When his publisher turned out to have ties to the forces involved and reneged on issuing the book as it stood, Bouton created his own company to get the book out. As he had done with Ball Four, he later wrote a follow-up edition that updated the story and followed his resolute fight to its depressingly bitter end. Thor doesn’t always beat the World Serpent.

Holy cards and baseball relics

It is a truth universally acknowledged, that a baseball fan in possession of an autographed item, must be in want of a collection. After reading Ball Four, I began haunting eBay in search of cheap autographed copies of Bouton’s other books. The more I read, the more I loved him and the more I felt that we were simpatico. After finding out we shared a birthday, I started to think of him – with tongue planted firmly in cheek – as my patron saint. But what’s a patron saint without holy cards?

I eventually found a surprisingly affordable autographed baseball card of Bouton on eBay. One led to another, and now I have binder pages full of them. If you’re diligent and follow an old retired player who isn’t considered a superstar by the masses, it’s amazing what you can get for under five dollars. I even picked up a picture postcard Bouton wrote to a young fan in 1963 saying he’s happy to be his pen pal. As with autographed books, part of the appeal of signed cards is knowing that the player actually held that same object at some point. Following Frazer’s “Law of Contact,” there’s a sort of magic to be felt when holding the signed card in your own hand.

Two Jim Bouton baseball cards: autographed 2018 Topps Archives and 2003 Upper Deck Sweet Spot relic [Karl E. H. Seigfried]

Relic cards are another step up the ladder of baseball religiosity. Most commonly, trading card companies purchase a jersey, some other article of clothing, or a bit of equipment from a player or collector, cut it up into tiny pieces, and insert those pieces into baseball cards. The fact that they are actually called relic cards is hilarious, since it connects them to the saintly relics – bits of bone or hair or clothing – so prized by the devout devotees of the medieval period. Equally hilarious is the fact that, as in the Middle Ages, there’s a long history of counterfeit relics passed off as authentic to obsessed collectors. Also following the religious model, the ones presenting the relics to the faithful are sometimes in on the fraud. Today, it’s trading card manufacturers doing the dirty deeds.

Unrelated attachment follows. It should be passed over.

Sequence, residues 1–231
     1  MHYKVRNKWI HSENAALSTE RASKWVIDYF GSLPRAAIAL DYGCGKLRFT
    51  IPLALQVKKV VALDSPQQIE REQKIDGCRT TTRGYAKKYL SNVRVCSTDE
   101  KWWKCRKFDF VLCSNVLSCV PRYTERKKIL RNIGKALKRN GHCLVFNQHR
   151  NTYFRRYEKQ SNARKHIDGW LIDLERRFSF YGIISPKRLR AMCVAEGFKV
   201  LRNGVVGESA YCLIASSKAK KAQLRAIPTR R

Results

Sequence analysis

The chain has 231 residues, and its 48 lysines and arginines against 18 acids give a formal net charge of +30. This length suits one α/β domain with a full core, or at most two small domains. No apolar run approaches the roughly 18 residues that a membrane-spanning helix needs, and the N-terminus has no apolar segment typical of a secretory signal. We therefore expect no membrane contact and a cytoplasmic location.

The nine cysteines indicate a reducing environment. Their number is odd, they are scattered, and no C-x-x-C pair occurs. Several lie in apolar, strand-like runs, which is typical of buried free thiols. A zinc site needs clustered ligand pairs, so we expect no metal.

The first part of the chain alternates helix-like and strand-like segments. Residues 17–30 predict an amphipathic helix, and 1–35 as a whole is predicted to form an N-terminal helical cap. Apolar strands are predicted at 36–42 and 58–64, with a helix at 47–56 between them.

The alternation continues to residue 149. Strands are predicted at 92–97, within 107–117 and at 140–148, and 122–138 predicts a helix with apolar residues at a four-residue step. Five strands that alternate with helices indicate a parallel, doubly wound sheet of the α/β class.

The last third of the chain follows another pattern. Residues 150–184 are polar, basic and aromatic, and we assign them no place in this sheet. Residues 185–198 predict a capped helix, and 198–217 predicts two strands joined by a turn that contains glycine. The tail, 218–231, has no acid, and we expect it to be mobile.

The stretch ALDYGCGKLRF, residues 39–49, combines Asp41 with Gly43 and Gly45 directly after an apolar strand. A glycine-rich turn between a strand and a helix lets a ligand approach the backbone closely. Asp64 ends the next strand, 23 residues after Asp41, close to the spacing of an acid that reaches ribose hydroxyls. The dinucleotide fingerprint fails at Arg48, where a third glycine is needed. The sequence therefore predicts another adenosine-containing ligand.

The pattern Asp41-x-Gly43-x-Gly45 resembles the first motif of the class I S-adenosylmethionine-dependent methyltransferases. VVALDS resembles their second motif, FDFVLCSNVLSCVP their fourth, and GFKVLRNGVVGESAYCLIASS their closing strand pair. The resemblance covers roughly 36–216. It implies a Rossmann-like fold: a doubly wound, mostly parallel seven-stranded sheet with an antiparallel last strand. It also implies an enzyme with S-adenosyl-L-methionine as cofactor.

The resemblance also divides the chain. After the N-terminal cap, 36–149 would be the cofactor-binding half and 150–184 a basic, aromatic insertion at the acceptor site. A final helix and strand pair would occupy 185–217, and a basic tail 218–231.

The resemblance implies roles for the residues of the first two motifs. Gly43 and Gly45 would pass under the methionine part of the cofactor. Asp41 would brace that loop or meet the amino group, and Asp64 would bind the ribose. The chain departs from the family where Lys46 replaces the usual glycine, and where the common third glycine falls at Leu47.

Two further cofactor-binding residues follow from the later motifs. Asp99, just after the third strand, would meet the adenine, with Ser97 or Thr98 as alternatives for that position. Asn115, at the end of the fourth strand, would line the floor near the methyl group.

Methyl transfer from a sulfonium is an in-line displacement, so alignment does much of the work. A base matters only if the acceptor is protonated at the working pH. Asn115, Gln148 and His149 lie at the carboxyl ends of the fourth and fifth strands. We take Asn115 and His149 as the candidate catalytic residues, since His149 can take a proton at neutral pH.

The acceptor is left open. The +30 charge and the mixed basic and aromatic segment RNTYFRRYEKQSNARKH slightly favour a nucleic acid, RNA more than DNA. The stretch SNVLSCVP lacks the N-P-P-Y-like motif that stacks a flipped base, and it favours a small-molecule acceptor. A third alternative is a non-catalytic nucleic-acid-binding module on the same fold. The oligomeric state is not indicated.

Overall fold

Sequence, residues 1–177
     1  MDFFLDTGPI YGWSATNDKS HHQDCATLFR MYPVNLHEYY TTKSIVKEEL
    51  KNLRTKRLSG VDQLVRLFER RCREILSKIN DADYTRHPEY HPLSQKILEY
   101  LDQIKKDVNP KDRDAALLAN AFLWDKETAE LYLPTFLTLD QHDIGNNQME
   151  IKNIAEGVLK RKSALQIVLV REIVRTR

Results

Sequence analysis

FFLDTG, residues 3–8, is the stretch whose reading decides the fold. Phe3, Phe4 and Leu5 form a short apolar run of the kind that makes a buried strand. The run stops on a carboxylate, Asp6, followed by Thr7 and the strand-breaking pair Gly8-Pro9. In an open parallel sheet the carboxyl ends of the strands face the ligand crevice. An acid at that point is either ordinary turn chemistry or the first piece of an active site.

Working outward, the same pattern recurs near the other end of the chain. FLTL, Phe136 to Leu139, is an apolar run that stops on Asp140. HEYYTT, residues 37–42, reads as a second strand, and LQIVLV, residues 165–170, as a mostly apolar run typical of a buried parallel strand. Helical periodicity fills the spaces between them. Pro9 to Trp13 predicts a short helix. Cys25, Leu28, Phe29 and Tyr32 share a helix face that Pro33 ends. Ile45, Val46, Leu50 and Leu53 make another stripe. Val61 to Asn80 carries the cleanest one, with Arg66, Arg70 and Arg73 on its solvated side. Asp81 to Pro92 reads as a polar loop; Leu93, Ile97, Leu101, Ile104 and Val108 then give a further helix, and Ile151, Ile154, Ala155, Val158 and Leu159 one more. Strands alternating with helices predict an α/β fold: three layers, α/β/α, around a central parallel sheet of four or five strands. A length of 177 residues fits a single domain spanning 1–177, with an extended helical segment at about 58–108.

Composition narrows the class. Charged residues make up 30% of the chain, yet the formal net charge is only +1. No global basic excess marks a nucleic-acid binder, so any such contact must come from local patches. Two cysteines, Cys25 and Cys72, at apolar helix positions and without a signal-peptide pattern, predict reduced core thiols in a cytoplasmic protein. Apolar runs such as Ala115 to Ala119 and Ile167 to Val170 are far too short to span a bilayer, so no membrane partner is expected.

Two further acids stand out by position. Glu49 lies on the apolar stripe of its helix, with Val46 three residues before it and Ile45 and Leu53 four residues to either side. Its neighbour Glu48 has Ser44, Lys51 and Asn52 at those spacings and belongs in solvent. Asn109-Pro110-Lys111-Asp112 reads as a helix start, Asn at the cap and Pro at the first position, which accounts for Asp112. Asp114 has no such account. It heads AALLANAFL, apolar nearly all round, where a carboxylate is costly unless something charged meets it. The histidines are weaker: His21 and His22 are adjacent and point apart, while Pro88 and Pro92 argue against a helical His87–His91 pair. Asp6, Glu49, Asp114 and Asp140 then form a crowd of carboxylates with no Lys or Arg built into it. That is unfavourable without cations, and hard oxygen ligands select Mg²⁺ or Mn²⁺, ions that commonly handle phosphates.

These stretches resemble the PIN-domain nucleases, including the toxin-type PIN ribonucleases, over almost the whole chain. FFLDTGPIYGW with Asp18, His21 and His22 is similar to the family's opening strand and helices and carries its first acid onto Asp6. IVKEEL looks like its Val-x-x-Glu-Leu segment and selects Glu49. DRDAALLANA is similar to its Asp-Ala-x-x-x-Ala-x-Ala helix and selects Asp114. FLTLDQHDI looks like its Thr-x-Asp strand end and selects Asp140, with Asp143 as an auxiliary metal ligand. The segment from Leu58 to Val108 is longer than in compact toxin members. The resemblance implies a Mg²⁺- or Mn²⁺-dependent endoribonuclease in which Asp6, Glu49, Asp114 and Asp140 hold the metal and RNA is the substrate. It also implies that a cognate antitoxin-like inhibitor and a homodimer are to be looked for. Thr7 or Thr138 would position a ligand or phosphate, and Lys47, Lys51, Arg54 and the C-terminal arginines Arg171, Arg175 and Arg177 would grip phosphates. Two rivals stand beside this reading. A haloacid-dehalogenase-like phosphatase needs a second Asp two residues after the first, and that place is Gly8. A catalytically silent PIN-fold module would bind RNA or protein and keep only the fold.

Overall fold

Some relics are better than others. My one Bouton relic card contains “an authentic piece of a jersey worn by Jim Bouton in an official Yankees® Major League Baseball® game.” So says the back of the card. I was happy to get this particular one, since it shows a nice pinstripe where all the others I’ve seen just have a snip of white cloth. I got it in a cheapie twofer with a relic card of old-time Yankees manager Casey Stengel, one of the subjects of Bouton’s 1973 “I Managed Good, But Boy Did They Play Bad.” The back of the card states, “You have received a Casey Stengel Game-Used Pants trading card.” I like to think it’s from the seat of his pants and that this relic once touched the butt of a Hall of Famer. Talk about contagious magic.

Saint Jim

To be crystal clear, I don’t actually pray to Jim Bouton. The coincidence of our birthdays, contiguity of our worldviews, and collectability of the autographs together put me in mind of my Oma and her devotion to the Catholic saints, with the accompanying material culture of sacred books, holy cards, and venerated relics.

Three different versions of autographed 2018 Topps Archives Jim Bouton baseball card [Karl E. H. Seigfried]

Bouton’s sort of saintliness was tainted by very human failings. He neglected to mention his own philandering while gleefully detailing the sexual adventures of his fellow players. He regularly participated in “beaver shooting,” the practice of horny baseball players climbing up on the roofs of their hotels to peep into women’s windows. He engaged in Loki-level workings in his relationship with Ted Turner, mogul owner of the Atlanta Braves, in order to push the magnate to advocate for his place on the team during his second run at a baseball career. Back in 1969, he was fiercely committed to racial and economic justice but casually engaged in the macho-man homophobic humor of the clubhouse.

The others I consider saints were definitely also sinners in the traditional sense. John Coltrane cheated on Naima, his first wife whom he immortalized in the beautiful ballad named in her honor. Malcolm X was a drug dealer and pimp in his early days. Jack Kerouac was truly awful to his wife and daughter. But all three of them, like Bouton, focused on challenging themselves to evolve as they spoke their truths loudly and damned the torpedoes of their society’s social enforcers. It’s that combination of continual growth and public action that attracts me to them.